Our team of specialists can work with you to help with business continuity and resiliency planning, HR consulting, digital and technology audits, industrial relations services, executive and CEO advisory services. Connect with an expert or download the Return to Workplace 4 Step Plan

Step 4: PEOPLE

  • Communication
  • Employee wellbeing
  • Culture
  • HR and industrial relations policy
  • People protection

Once you have established a time frame for re-occupying your location, employee-specific policies, procedures and controls need to be implemented to ensure the wellbeing of your people.

In addition to logistical measures to manage the risk of infection you may also be undertaking restructuring and redundancies: you need to consider the impact on your business culture and how these changes may affect staff emotionally and financially as well as physically. Have you obtained input from a human resources expert on your policy changes and how they are to be communicated and actioned?

The mental and emotional health of your employees should be a factor in your planning. Ensure your line managers put people first and are equipped with the messages, tools and skills to help their teams face potentially increased personal challenges during this time (bereavement and loss, child care and school closures, financial stress, etc). Some staff may be reluctant to return to the workplace and will need reassurance.

You may need to introduce new policies or programs to address these issues, identify those under stress and help employees feel safe and comfortable. Having an inventory of training in new resources for managing stress, in addition to workplace safety and disinfection protocols, can help facilitate a supportive workplace culture. You may also want to assess your employee benefits program in terms of contributing to this.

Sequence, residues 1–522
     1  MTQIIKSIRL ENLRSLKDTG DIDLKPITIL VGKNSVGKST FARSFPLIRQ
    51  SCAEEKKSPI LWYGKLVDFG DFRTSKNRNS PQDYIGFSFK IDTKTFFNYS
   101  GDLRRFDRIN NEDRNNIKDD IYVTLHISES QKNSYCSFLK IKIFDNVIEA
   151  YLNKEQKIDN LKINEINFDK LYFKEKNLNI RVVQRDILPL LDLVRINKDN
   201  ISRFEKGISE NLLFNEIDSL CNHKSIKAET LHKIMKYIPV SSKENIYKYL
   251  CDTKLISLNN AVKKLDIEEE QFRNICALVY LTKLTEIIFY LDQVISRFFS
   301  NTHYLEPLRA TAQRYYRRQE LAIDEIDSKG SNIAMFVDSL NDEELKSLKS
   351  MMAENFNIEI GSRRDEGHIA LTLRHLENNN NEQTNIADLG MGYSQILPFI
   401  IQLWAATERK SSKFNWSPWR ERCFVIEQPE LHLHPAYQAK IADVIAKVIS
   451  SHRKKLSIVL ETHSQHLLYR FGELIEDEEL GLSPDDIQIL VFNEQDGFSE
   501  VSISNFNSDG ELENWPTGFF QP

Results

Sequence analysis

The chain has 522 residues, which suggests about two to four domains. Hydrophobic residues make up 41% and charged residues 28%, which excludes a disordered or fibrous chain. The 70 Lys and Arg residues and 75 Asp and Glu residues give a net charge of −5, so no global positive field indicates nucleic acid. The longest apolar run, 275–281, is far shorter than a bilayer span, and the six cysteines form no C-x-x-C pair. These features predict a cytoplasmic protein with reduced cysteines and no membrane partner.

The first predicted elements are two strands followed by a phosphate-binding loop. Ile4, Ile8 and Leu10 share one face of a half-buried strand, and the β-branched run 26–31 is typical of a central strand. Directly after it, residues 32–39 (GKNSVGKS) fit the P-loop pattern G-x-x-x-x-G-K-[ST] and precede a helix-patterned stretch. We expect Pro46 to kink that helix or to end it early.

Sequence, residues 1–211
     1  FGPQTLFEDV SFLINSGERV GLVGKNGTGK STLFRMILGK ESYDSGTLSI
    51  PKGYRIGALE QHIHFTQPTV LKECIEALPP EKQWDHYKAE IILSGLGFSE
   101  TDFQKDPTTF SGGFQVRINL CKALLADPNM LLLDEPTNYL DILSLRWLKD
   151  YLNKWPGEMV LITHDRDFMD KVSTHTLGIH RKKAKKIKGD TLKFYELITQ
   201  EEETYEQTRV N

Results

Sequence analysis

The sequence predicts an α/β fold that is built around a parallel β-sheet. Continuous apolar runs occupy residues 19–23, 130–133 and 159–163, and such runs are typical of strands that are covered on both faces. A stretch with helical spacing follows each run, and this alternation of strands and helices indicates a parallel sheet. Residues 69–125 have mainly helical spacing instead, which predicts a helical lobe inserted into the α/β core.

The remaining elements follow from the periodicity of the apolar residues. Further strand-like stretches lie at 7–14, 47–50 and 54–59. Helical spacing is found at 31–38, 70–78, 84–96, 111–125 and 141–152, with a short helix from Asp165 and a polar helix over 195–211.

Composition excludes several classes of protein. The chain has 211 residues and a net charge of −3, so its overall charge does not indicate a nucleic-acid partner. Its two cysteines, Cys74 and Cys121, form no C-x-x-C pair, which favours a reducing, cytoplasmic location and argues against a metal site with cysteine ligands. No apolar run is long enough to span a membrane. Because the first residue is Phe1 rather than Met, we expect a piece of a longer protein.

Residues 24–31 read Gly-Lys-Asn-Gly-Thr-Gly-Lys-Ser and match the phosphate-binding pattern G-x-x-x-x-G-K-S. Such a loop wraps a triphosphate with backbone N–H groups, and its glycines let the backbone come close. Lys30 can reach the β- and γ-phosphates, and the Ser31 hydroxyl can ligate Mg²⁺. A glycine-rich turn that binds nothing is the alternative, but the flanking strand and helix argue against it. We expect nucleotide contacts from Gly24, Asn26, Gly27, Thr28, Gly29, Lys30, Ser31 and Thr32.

Download the Return to Workplace 4 Step Plan

COVID19 Return to work guide mockup


How Gallagher can help

Our team of specialists can work with you to help with HR and industrial relations consulting; recruitment; employee communications strategy; employee financial literacy and wellbeing programs; team and leadership workshops; staff engagement surveys and pulse checks; group insurance policy reviews. Connect with an expert or download the Return to Workplace 4 Step Plan

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Gallagher provides insurance, risk management and benefits consulting services for clients in response to both known and unknown risk exposures. When providing analysis and recommendations regarding potential insurance coverage, potential claims and/or operational strategy in response to national emergencies (including health crises), we do so from an insurance and/or risk management perspective, and offer broad information about risk mitigation, loss control strategy and potential claim exposures. We have prepared this commentary and other news alerts for general information purposes only and the material is not intended to be, nor should it be interpreted as, legal or client-specific risk management advice. General insurance descriptions contained herein do not include complete insurance policy definitions, terms and/or conditions, and should not be relied on for coverage interpretation. The information may not include current governmental or insurance developments, is provided without knowledge of the individual recipient’s industry or specific business or coverage circumstances, and in no way reflects or promises to provide insurance coverage outcomes that only insurance carriers’ control.